Lawsuit details alleged police brutality against Iqaluit man

An Iqaluit resident is seeking more than $40,000 in damages in a lawsuit against Nunavut RCMP and two named officers, claiming he was the victim of excessive force in two separate incidents.

It's the second suit filed by Bernard Naulalik in 2018 alleging excessive use of force by Nunavut RCMP

In the lawsuit, Bernard Naulalik details two separate 2016 incidents. He is seeking damages, claiming that he was the victim of excessive force from RCMP officers. (Thomas Rohner)

A new lawsuit alleging police brutality has been filed against the Nunavut RCMP.

Iqaluit resident Bernard Naulalik, 28, filed a lawsuit against the RCMP and two named officers on Dec. 3, 2018, according to documents filed at the Nunavut Court of Justice.

This is the second of two lawsuits filed by Naulalik against the RCMP in 2018. Both lawsuits allege excessive use of force by local police against Naulalik during two separate incidents in 2016.

Naulalik is seeking $40,000 in general damages, loss of income, punitive damages and aggravated damages.

Cst. Ryan Dawiskiba is accused of excessive force in both lawsuits.

Naulalik's allegations have not been tested in court and, as of Jan. 14, no statement of defence had been filed by the RCMP in either case.

Nunavut's "V" Division refused to comment on the court case.

Kneed in head and pepper sprayed, suit claims

According to the new lawsuit, Dawiskiba and Cst. Kevin Frechette-Mask arrested Naulalik on Dec. 4, 2016.

The officers placed Naulalik, a slight Inuk man around 145 pounds, face-first on the floor of a cell at the Iqaluit detachment and removed his handcuffs, the statement of claim said.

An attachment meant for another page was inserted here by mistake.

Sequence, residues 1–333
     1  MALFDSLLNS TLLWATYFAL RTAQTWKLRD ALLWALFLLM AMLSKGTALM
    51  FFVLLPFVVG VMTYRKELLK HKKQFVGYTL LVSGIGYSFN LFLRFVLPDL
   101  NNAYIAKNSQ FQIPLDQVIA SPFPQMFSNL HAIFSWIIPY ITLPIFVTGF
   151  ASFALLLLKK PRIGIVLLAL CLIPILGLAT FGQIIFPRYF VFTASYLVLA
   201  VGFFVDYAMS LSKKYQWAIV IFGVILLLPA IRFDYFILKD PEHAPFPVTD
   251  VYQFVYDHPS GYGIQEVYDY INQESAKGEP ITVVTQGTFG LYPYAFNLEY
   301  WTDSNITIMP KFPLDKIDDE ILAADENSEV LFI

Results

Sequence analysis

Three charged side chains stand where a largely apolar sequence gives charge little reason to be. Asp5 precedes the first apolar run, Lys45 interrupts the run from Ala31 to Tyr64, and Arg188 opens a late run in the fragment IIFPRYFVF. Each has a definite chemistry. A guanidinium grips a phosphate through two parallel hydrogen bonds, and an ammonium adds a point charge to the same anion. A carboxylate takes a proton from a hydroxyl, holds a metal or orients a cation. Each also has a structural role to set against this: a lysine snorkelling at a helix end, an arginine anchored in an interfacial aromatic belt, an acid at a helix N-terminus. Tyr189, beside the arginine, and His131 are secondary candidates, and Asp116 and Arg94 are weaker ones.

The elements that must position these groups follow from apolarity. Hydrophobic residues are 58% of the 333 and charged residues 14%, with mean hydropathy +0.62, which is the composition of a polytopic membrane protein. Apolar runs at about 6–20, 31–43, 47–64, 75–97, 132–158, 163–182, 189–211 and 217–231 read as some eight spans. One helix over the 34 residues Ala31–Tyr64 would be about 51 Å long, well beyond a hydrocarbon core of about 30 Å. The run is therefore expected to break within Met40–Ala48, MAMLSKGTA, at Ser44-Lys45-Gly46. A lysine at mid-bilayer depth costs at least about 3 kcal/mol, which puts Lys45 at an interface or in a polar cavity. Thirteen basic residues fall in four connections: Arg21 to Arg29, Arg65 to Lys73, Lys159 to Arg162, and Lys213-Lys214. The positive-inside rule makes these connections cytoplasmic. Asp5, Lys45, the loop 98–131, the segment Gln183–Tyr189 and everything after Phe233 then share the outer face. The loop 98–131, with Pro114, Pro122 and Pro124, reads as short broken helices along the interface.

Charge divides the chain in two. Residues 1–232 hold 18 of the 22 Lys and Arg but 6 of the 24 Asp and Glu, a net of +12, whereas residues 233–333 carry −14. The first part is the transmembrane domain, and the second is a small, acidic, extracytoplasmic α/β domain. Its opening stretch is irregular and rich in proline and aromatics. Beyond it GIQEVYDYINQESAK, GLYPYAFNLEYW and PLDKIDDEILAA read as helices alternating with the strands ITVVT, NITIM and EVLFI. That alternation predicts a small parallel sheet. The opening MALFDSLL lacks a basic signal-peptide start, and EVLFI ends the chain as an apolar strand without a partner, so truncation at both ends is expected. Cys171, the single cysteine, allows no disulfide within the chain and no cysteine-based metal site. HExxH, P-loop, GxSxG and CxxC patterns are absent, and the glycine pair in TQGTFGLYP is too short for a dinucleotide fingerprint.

The RCMP detachment in Iqaluit. In the lawsuit, Naulalik claims he was 'repeatedly kneed in the head, kicked in the head, struck in the head and body with fists, and pepper sprayed.' (CBC)

"While Mr. Naulalik's clothing was being removed by the officers he was repeatedly kneed in the head, kicked in the head, struck in the head and body with fists, and pepper sprayed," states the document.

Naulalik was not charged in connection to his arrest, but later charged with one count of resisting or obstructing officers.

"For reasons unknown ... the single count of resisting or obstructing officers ... was discontinued prior to trial," states the document.

Naulalik alleges he suffered injuries to his head, face and back, including chipped teeth and bruises "all over his body," as a result of the Dec. 4, 2016 interaction with Frechette-Mask and Dawiskiba.

"Naulalik was not provided medical treatment from the RCMP following the incident and was simply moved to another cell," states the statement of claim.

The Calgary Police Service is investigating Naulalik's allegations of excessive force in both of the 2016 incidents, "V" Division said in August 2018.

According to a story published by the Toronto Star that same month, Naulalik says Iqaluit RCMP are targeting him for speaking out about police brutality. RCMP officers were previously cleared of excessive force in regards to a an altercation with Naulalik in a holding cell in 2014.

The Star also reported that Nunavut justice and police officials have been aware since at least early 2015 of an alleged uptick in injuries to Inuit during interactions and arrests by RCMP. Neither the RCMP, nor Nunavut's justice department, have investigated that trend.

Naulalik's new lawsuit says police "wrongfully arrested and unlawfully detained" him on Dec. 4, 2016. Naulalik also alleges Frechette-Mask and Dawiskiba assaulted him or failed in their duty to ensure Naulalik "would not be the subject of any torturous or wrongful act by members of the RCMP."

Naulalik alleges RCMP are not provided "proper or adequate instruction and training...regarding use of force."

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Thomas Rohner is an independent investigative reporter based in Iqaluit. His work has been published by CBC, The Toronto Star and VICE News. You can contact him at, on twitter @thomas_rohner, or find him on Facebook.